According to the U.S. Government's Center for Disease Control (CDC), "Once you have been diagnosed, you will be asked to identify your sexual and needle-sharing partners, so that they can be told that they have been exposed to HIV and need to be tested. Partner notification is one of the most important ways to prevent the spread of HIV. (It’s also important, of course, that you use a condom during sex and don’t share needles.)"
However, according to "Healthy, Happy and Hot," Planned Parenthood's booklet for young people with HIV, it is not necessary to tell a sex partner about one's condition because, "People in long-term relationships who find out they are living with HIV sometimes fear that their partner will react violently or end the relationship."
While the CDC emphasizes the need to share HIV status with sexual partners, Planned Parenthood stresses the "rights" of the person with the disease - but, not those of the unknowing partner.
"Young people living with HIV have the right to decide if, when, and how to disclose their HIV status"
Later, explains how disclosure laws violate those "rights":
Some countries have laws that say people living with HIV must tell their sexual partner(s) about their status before having sex, even if they use condoms or only engage in sexual activity with a low risk of giving HIV to someone else. These laws violate the rights of people living with HIV by forcing them to disclose or face the possibility of criminal charges.
This is the same organization that pushes abortion by saying that no one should be able to tell a woman what to do with her body. "Low risk" is not no risk. Shouldn't a woman (or man) have the right to know if they are exposing themselves to HIV?
The booklet does encourage safe sex as a protection against the transfer of HIV: "Male and female condoms are great tools for preventing the transmission of HIV and other STIs as well as unplanned pregnancies." But, according to the CDC, "Although highly effective when used consistently and correctly, there is still a chance of getting HIV if you only use condoms, so adding other prevention methods can further reduce your risk."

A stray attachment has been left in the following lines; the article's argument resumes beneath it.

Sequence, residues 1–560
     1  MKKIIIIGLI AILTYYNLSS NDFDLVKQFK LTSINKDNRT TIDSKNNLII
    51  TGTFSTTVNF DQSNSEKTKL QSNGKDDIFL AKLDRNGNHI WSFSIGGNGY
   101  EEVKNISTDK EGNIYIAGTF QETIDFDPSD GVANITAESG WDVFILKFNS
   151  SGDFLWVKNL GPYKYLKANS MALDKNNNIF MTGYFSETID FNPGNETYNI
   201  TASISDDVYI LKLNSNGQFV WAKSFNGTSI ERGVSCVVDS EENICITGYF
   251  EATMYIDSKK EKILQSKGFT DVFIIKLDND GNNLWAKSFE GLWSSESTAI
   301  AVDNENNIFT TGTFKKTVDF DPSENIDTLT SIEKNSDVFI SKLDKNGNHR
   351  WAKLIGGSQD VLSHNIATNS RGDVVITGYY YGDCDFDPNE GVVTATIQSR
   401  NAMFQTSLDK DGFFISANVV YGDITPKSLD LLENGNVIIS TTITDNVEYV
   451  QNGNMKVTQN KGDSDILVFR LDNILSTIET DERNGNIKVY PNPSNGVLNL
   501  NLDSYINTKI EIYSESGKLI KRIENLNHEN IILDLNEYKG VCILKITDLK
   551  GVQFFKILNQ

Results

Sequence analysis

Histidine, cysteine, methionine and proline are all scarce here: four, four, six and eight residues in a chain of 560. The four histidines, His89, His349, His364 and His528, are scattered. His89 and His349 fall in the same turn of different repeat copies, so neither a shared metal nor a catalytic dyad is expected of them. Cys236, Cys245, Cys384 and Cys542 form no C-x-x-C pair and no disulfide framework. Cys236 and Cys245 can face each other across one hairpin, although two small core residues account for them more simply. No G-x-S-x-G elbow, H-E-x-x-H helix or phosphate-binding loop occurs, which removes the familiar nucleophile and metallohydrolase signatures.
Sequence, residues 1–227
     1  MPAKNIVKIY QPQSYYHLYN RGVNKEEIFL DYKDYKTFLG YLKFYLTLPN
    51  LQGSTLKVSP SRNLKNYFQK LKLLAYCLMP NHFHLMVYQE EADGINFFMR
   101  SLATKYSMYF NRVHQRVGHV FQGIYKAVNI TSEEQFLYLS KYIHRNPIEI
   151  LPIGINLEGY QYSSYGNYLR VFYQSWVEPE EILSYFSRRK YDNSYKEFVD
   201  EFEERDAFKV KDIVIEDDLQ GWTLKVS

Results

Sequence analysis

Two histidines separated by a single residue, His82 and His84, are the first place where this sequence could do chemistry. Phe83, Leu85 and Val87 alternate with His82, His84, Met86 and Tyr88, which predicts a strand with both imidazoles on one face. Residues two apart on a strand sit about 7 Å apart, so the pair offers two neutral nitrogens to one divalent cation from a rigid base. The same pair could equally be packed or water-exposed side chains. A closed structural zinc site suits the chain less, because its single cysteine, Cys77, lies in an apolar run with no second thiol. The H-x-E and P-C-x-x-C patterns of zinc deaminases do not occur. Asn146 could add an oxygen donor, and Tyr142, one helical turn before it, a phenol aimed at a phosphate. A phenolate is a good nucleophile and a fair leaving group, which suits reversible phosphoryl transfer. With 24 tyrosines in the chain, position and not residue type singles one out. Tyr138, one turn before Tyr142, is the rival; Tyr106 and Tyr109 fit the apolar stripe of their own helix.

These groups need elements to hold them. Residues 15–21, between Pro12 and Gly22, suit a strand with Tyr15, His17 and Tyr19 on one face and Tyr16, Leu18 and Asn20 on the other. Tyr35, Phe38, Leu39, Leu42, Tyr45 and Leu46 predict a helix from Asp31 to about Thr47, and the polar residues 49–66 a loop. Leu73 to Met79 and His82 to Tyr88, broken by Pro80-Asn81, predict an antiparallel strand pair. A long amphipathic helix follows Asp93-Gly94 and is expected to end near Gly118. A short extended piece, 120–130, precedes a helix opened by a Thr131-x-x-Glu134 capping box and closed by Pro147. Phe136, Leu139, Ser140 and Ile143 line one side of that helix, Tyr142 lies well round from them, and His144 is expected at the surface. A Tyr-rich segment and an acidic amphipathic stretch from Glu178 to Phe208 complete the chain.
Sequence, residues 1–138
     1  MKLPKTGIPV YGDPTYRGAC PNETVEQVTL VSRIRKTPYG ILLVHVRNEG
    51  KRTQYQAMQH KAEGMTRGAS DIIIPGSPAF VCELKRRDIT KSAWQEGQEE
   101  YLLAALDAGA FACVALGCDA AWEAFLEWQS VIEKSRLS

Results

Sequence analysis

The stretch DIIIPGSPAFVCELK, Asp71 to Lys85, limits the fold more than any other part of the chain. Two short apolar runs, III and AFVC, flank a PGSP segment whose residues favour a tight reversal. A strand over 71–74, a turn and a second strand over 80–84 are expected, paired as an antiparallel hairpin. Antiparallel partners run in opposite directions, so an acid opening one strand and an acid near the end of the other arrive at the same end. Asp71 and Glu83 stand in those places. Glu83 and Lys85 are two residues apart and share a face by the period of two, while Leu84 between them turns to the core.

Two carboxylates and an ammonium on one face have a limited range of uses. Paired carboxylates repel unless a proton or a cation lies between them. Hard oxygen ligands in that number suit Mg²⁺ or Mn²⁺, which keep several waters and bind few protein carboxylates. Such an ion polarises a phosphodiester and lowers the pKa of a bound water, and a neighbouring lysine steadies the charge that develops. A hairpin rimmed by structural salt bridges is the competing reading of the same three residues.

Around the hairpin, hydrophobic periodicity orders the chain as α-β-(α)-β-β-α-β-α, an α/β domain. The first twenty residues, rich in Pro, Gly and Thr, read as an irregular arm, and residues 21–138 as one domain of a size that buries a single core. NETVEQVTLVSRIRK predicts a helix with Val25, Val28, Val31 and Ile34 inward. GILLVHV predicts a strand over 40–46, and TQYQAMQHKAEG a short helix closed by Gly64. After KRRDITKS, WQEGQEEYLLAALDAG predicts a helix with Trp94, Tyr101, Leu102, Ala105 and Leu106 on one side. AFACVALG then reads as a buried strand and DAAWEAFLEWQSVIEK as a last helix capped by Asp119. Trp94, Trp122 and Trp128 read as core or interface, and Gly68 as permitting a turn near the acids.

Planned Parenthood also explains, "There are other ways that you can somewhat reduce the risks of HIV, other STIs, and unintended pregnancies without using condoms."
Nowhere in the 20-page booklet does it describe the only 100% fool-proof way of preventing the transfer of HIV, which is avoiding sexual contact all together. Remember, this booklet is not for the adult who can make a rational decision with their partner about sexual contact if one has HIV (the subtitle of the booklet is, "A young person’s guide to their rights, sexuality, and living with HIV.")
Somehow, it is not surprising that an organization which aborts babies and sells their body parts is teaching young people that it is not necessary to tell a sexual partner if one is carrying the HIV virus.
The pamphlet concludes with:
Look for support and services that
Respect your dignity, right to freely make choices about your body and health, and help you live positively. This includes respecting your sexuality and your right to pursue pleasurable and safe sex and positive parenthood.
To Planned Parenthood, the HIV sufferer's sex partner is like the unborn child - they have no right to freely make choices about their body and health.